By Garren Shipley -- firstname.lastname@example.org
A 1989 master's thesis is proof that Republican Bob McDonnell's views on social issues aren't in the mainstream, Democrats said Monday.
But the Republican gubernatorial nominee says his views on issues like women in the work force and government support for traditional families have greatly changed in 20 years.
McDonnell spent more than an hour on the phone with reporters on Monday, disavowing much of the paper he wrote to complete his studies at Regent University in Virginia Beach.
The thesis is a policy analysis of how Republicans could support the traditional family going into the 1990s.
"In Bob McDonnell's preferred Virginia, women would be stigmatized for choosing to work outside the home, access to contraception would be all but banned and women would be denied equal pay for equal work," wrote Hari Sevugan, a spokesman for the Democratic National Committee, in an e-mail to reporters.
A spokesman for Democrat Creigh Deeds' campaign told reporters that the thesis has served as McDonnell's "vision for the role of government, his vision for a social agenda that should dominate governance."
Raising a family and 20 years of life experience has a way of changing people's views, McDonnell said.
"Most of [the thesis] was written in 1988, when I was doing an internship for the House Republican Policy Committee," he said. "I was influenced by a large measure by the debate of the time."
The goal of the paper was to analyze how government policy at the time was impacting traditional families and to propose ways to strengthen them.
"One of the things that got me to work on this as the thesis topic was that I believed that the family was the bedrock of society," he said.
McDonnell did not back away from that core tenant. But "there are many things in [the thesis] that I don't subscribe to at all today," he said.
Supporting families cannot include preferring one form of living arrangement over another, for either same or opposite-sex couples.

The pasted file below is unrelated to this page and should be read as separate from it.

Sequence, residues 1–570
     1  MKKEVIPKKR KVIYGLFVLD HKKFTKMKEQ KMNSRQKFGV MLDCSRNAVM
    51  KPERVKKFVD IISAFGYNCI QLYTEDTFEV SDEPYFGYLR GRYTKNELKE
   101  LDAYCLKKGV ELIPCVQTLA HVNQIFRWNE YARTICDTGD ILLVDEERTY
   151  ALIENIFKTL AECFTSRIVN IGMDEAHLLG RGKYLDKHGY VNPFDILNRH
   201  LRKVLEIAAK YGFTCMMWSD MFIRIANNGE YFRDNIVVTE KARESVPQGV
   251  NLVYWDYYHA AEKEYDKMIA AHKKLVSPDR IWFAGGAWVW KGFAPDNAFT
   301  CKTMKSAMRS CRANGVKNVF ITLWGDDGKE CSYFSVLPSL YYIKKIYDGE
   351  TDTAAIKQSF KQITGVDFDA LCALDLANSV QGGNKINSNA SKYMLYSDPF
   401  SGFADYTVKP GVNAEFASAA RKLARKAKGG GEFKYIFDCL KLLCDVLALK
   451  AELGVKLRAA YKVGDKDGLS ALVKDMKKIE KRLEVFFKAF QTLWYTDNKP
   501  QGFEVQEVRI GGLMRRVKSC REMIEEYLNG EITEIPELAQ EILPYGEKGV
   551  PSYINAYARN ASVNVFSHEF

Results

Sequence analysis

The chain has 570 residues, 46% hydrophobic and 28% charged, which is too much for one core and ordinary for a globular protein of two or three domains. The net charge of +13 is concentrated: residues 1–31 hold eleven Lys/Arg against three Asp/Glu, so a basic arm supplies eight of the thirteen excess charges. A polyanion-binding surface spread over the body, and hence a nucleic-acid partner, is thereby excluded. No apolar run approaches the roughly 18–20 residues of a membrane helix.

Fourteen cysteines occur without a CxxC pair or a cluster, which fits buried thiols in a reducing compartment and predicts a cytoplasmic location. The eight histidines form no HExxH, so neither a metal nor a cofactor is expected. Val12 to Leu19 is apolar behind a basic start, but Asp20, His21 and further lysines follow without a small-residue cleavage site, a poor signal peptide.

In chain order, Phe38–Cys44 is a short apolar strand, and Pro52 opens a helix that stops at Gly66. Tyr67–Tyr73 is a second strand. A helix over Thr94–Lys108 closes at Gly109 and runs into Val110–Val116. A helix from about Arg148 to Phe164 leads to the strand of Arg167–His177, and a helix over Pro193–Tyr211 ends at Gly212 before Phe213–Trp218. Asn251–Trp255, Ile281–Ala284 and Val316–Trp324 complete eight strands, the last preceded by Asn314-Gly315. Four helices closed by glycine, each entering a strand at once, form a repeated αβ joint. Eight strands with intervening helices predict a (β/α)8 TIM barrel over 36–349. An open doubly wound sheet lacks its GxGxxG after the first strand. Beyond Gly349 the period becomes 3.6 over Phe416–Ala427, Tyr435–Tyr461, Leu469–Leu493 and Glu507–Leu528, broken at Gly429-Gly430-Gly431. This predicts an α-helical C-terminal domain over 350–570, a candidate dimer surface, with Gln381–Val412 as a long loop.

"I don't think the government has any business in cohabitation or any other living arrangements whatsoever," he said. "Government should not discriminate on the basis of race, creed, sex or sexual orientation."
His views on women in the work force also have changed dramatically.
"I'm much older, I've raised five kids, I've raised a number of teenagers. During that time since then my wife has worked," he said. "All those experiences have very much affected the way I look at the world."
A number of his top lieutenants in the attorney general's office were women, and his adult daughters are now in the work force.
"I have pushed them and encouraged them to get master's degrees," he said. "I wanted them to excel and to get a good job and be self-sufficient."
He also flatly denied charges that he would make access to birth control more difficult.
On the touchy subject of abortion, McDonnell borrowed a move from Democratic Gov. Timothy M. Kaine, promising that "I will enforce the law regardless of my personal opinion," he said.
McDonnell, a practicing Catholic, strongly opposes abortion.
"As a governor, just like as attorney general, you must follow the law," he said, "whatever the laws are that are handed down by Congress or the U.S. Supreme Court."
Kaine successfully deflected criticism of his opposition to the death penalty by promising to carry out executions despite his misgivings -- a promise he has fulfilled.
Election Day is Nov. 3.